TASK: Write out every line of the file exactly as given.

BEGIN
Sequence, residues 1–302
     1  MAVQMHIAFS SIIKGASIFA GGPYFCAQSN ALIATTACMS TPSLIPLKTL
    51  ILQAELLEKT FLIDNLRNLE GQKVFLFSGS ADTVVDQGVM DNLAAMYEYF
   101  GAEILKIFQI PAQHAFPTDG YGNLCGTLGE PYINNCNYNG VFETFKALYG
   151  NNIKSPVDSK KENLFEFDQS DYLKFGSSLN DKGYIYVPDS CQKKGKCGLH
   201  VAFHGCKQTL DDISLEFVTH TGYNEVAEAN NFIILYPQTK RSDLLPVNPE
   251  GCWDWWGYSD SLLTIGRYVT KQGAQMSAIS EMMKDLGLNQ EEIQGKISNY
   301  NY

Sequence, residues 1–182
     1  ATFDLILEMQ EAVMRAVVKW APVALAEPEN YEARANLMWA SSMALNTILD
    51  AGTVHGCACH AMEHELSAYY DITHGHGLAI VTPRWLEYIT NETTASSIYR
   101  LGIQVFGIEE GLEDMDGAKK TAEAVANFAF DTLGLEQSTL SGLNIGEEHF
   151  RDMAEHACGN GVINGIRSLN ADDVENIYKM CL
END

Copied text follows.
Sequence, residues 1–302
     1  MAVQMHIAFS SIIKGASIFA GGPYFCAQSN ALIATTACMS TPSLIPLKTL
    51  ILQAELLEKT FLIDNLRNLE GQKVFLFSGS ADTVVDQGVM DNLAAMYEYF
   101  GAEILKIFQI PAQHAFPTDG YGNLCGTLGE PYINNCNYNG VFETFKALYG
   151  NNIKSPVDSK KENLFEFDQS DYLKFGSSLN DKGYIYVPDS CQKKGKCGLH
   201  VAFHGCKQTL DDISLEFVTH TGYNEVAEAN NFIILYPQTK RSDLLPVNPE
   251  GCWDWWGYSD SLLTIGRYVT KQGAQMSAIS EMMKDLGLNQ EEIQGKISNY
   301  NY

Sequence, residues 1–182
     1  ATFDLILEMQ EAVMRAVVKW APVALAEPEN YEARANLMWA SSMALNTILD
    51  AGTVHGCACH AMEHELSAYY DITHGHGLAI VTPRWLEYIT NETTASSIYR
   101  LGIQVFGIEE GLEDMDGAKK TAEAVANFAF DTLGLEQSTL SGLNIGEEHF
   151  RDMAEHACGN GVINGIRSLN ADDVENIYKM CL